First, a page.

(setq font-use-system-font t)
  • On Unix, Emacs 23.2 now follows the freedesktop trash specification for file deletion; thus, the hacks we hacks we mentioned before are no longer needed.
  • Some cool additions for Tramp, allowing emacs to access files in rsync and even imap://-locations. On systems supporting GVFS, emacs can now directly use e.g. obex://-uris (Bluetooth). I need to play a bit with these things! Tramp support has also been built into eshell.
  • There are already quite some ways to do auto-completion in emacs using the TAB-key, and emacs 23.2 makes this a bit easier to set up. You can add basic auto-completion with:
(setq tab-always-indent 'complete)
  • After setting that, the TAB-key will (after trying if there's anything to indent first) provide possible completions. It works pretty well for Emacs-Lisp (I did not test other languages), although the way it shows the completions (separate *Completions*-buffer) is a bit clumsier that what for instance yasnippet or company-mode do.
  • You can also do partial completions now, by appending initials to the completion style, i.e.:
;; there must be a more elegant way...
(setq completion-styles (append completion-style '(initials)))
  • With this, you can complete on the initials of functions and variables in the minibuffer, say, typing C-h v tai and then pressing TAB will give you tab-always-indent.
  • As mentioned, the biggest change is the addition on the CEDET-framework, which contains things like smart completion, code browsing, UML diagram creation, project management – features somewhat similar to those in e.g. Eclipse. I don't know how well it works in practice, but I will give it a try. At least, inclusion in Emacs should make setting it up with all dependencies a bit easier, as there is now a guaranteed-to-work setup for Emacs 23.2 at least.

Summarizing, 23.2 provides us with some nice updates all around and brings CEDET to the masses. Chong Yidong / Stefan Monnier have done a very good job in making faster releases, while still keeping an eye on the quality. On the other hand, the previous version (23.1) is a very solid release, and if you don't need CEDET, there is no real need to hurry to 23.2.

Future releases

A lot is happening in the world of GNU/Emacs, with changes being proposed and implemented in many different places. There's Eli Zaretskii's way work on making emacs support bidirectional languages (for right-to-left writing systems such as Hebrew and Arabic; the /bi/directional part is that one should be able to mix left-to-right and right-to-left). There is Jan Djärv's work on adding UI-tabs to emacs (like e.g. Firefox has them). There is Ken Raeburn and Andy Wingo's work on adding Guile Scheme support to emacs - possibly replacing the current Emacs Lisp implementation in the future. These are just a few of the more prominent projects.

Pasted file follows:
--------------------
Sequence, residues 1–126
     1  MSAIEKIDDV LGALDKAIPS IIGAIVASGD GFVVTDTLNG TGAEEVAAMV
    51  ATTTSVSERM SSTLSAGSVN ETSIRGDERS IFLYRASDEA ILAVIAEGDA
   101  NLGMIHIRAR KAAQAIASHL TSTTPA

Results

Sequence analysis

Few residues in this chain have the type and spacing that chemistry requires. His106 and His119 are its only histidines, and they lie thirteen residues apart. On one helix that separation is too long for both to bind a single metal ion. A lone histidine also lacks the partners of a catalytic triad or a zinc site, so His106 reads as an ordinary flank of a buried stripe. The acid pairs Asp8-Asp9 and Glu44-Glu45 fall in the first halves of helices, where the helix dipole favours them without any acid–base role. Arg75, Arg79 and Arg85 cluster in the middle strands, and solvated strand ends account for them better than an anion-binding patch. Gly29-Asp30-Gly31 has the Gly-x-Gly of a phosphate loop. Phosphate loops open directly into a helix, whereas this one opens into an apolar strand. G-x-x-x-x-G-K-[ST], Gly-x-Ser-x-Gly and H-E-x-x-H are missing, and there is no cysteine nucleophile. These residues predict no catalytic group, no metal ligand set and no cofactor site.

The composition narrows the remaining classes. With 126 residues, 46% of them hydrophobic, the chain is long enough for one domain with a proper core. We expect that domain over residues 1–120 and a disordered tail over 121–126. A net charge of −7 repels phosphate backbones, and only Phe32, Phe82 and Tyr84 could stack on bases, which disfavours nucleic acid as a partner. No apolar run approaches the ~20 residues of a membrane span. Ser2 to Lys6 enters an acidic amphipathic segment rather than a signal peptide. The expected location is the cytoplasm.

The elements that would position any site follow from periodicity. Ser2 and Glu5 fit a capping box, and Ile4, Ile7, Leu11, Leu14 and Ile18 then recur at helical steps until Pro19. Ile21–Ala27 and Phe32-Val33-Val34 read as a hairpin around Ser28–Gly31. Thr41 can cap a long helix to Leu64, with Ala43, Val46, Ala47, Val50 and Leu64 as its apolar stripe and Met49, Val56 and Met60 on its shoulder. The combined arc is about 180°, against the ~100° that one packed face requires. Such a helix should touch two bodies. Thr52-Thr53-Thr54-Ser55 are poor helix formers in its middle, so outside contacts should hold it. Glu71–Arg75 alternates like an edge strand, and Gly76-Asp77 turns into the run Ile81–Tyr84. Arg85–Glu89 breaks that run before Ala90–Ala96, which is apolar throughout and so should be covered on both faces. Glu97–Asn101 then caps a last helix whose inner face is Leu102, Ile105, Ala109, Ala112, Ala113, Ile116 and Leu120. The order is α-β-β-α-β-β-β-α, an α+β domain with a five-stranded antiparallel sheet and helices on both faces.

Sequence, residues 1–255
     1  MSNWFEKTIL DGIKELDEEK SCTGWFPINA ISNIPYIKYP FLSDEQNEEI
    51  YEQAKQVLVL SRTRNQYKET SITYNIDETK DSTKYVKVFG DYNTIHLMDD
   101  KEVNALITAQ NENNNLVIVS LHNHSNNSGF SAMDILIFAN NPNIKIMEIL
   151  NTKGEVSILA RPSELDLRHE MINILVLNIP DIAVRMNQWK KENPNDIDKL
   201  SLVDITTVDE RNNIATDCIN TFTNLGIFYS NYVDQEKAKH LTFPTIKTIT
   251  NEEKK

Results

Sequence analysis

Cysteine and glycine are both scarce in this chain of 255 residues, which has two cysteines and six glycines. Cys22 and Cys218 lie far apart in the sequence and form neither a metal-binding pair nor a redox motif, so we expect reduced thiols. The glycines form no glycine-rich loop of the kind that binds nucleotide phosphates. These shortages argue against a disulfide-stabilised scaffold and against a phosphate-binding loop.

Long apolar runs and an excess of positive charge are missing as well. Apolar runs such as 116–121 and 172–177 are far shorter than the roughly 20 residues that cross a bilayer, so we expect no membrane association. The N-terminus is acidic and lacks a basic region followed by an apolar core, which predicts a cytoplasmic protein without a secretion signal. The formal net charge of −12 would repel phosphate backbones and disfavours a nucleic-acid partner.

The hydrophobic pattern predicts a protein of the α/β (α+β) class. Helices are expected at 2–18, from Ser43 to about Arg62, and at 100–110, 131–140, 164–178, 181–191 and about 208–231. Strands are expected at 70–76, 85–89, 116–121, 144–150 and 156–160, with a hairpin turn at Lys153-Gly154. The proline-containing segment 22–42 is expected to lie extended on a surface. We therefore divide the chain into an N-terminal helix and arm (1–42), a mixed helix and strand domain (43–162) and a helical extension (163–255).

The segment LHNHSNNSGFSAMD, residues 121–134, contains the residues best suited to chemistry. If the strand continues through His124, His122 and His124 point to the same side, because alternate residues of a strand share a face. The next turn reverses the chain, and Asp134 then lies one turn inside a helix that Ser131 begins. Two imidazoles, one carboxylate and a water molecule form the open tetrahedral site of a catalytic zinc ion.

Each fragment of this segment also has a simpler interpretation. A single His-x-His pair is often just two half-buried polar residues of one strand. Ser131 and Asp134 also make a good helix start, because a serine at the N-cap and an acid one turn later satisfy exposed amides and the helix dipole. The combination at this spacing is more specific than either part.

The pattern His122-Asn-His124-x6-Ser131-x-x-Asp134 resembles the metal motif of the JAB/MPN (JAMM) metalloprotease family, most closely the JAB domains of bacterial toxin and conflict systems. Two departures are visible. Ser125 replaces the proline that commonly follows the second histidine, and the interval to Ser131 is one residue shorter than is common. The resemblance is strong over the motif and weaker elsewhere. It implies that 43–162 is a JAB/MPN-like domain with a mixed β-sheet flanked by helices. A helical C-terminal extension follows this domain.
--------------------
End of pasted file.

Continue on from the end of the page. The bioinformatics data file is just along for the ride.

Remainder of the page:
Nobody knows in which release these items will be available (if at all), but it's exciting to see all the directions people are taking emacs.


cleaning up the mode-line

Emacs' version on a status-bar is called the mode-line, and contains all kind of information – the current buffer name, the cursor position and a lot of other things, depending on what major and minor modes are active.

Customizing the mode-line is, unfortunately, rather hard. One day, I'll write something about that… but for now at least we may be able to improve things a little bit, by reducing mode line pollution. Mode line pollution? Well, many parts of emacs like to announce their presence and state in the mode line. With the limited space available there, this can become a bit of an issue, the (Lisp Interaction company Yas abbrev) takes quite some space:

But there are some ways to limit the space taken by modes and minor-modes. Note, these snippets should go in your .emacs, and you need to restart emacs to make them active.

First, the minor modes (note, you can see the currently activated ones with C-h m); install the handy diminish.el (or get it using the emacs-goodies-el package when using Debian/Ubuntu) and add something like the following:
(when (require 'diminish nil 'noerror)
  (eval-after-load "company"
      '(diminish 'company-mode "Cmp"))
  (eval-after-load "abbrev"
    '(diminish 'abbrev-mode "Ab"))
  (eval-after-load "yasnippet"
    '(diminish 'yas/minor-mode "Y")))

And the major-modes, for example for Emacs Lisp mode:
(add-hook 'emacs-lisp-mode-hook 
    (setq mode-name "el"))) 
This looks a bit shorter:

You can of course set these names to whatever is obvious to you.